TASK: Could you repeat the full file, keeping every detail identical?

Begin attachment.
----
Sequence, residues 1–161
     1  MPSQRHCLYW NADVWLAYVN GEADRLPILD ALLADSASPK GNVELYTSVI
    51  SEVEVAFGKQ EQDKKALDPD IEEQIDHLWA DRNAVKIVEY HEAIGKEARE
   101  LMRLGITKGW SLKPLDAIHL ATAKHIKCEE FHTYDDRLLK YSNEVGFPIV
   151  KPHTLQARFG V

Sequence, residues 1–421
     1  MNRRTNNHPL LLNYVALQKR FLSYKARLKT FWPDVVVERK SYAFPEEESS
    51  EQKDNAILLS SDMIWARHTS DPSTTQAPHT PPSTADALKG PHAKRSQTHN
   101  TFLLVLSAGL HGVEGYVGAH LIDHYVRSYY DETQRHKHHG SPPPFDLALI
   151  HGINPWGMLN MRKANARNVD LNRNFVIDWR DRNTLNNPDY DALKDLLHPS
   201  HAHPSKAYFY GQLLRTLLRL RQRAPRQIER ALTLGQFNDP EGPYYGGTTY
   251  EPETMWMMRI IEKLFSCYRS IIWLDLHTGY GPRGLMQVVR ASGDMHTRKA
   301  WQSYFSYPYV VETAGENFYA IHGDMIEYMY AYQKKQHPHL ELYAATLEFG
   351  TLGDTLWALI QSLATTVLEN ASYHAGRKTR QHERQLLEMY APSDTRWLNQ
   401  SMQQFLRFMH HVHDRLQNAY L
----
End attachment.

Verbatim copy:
Sequence, residues 1–161
     1  MPSQRHCLYW NADVWLAYVN GEADRLPILD ALLADSASPK GNVELYTSVI
    51  SEVEVAFGKQ EQDKKALDPD IEEQIDHLWA DRNAVKIVEY HEAIGKEARE
   101  LMRLGITKGW SLKPLDAIHL ATAKHIKCEE FHTYDDRLLK YSNEVGFPIV
   151  KPHTLQARFG V

Sequence, residues 1–421
     1  MNRRTNNHPL LLNYVALQKR FLSYKARLKT FWPDVVVERK SYAFPEEESS
    51  EQKDNAILLS SDMIWARHTS DPSTTQAPHT PPSTADALKG PHAKRSQTHN
   101  TFLLVLSAGL HGVEGYVGAH LIDHYVRSYY DETQRHKHHG SPPPFDLALI
   151  HGINPWGMLN MRKANARNVD LNRNFVIDWR DRNTLNNPDY DALKDLLHPS
   201  HAHPSKAYFY GQLLRTLLRL RQRAPRQIER ALTLGQFNDP EGPYYGGTTY
   251  EPETMWMMRI IEKLFSCYRS IIWLDLHTGY GPRGLMQVVR ASGDMHTRKA
   301  WQSYFSYPYV VETAGENFYA IHGDMIEYMY AYQKKQHPHL ELYAATLEFG
   351  TLGDTLWALI QSLATTVLEN ASYHAGRKTR QHERQLLEMY APSDTRWLNQ
   401  SMQQFLRFMH HVHDRLQNAY L